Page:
Animal Spirits Send Markets Higher Despite Less Dovish Fed

Prudent Advice on How to Avoid Leaving Your Heirs in a Lurch

Mike Gleason Mike Gleason
Interview with: Guy Christopher
June 16th, 2017 Comments

Also listen and subscribe on:

Welcome to this week’s Market Wrap Podcast, I’m Mike Gleason.

Coming up we'll hear an encore of one of the most important interviews we've ever done on this program. contributor Guy Christopher speaks about personal responsibility, estate planning, and making sure you don't leave your loved ones with a financial nightmare and an unwelcome scavenger hunt. Some timeless wisdom, coming up after this week's market update.

As the dog days of summer approach, the animal spirits seem intent on driving the stock market to higher highs in spite of a hawkish Fed. Precious metals bulls hoped for a more dovish statement than the one delivered by the central bank this week. Instead, gold and silver markets took a near-term bearish turn.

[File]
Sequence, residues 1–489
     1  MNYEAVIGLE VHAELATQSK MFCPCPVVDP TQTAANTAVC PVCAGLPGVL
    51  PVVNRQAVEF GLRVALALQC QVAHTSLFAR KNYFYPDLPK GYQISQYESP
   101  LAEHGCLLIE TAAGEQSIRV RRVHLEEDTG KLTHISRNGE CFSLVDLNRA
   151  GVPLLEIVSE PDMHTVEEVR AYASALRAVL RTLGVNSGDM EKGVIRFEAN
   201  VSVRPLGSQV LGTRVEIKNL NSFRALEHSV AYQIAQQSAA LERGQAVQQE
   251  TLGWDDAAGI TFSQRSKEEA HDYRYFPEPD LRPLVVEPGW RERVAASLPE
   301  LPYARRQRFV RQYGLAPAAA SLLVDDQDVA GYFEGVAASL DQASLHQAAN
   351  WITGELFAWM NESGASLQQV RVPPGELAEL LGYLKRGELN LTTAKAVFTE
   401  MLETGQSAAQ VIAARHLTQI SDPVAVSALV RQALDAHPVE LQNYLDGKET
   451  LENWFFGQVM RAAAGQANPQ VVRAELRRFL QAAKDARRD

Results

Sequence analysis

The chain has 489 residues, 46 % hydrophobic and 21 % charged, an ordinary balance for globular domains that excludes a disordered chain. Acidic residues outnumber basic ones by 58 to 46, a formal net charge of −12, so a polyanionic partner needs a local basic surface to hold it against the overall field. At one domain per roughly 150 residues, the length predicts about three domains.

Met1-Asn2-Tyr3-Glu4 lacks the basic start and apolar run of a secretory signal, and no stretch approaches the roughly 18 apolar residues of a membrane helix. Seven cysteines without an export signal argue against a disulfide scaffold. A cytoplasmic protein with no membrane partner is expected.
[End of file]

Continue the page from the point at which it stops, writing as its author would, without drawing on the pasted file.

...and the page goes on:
Now isn’t the time for investors to be sheepish in the face of long-term value opportunities. Disciplined buying in bullion will ultimately be rewarded with more than a dead cat bounce.

Investors who are now going hog wild in overvalued financial markets risk getting slaughtered like pigs. They would do well to re-direct their animal spirits to gold and Silver Eagles, Australian Kangaroos, Chinese Pandas, and Canadian Cougars. Those on the hunt for a more exotic specimen might find a great catch in the Australian Platinum Platypus or the 2-ounce Queen’s Beast Dragon silver coin.

All of the aforementioned coins, plus many others, are currently available through Money Metals Exchange. And premiums right now are as low as ever.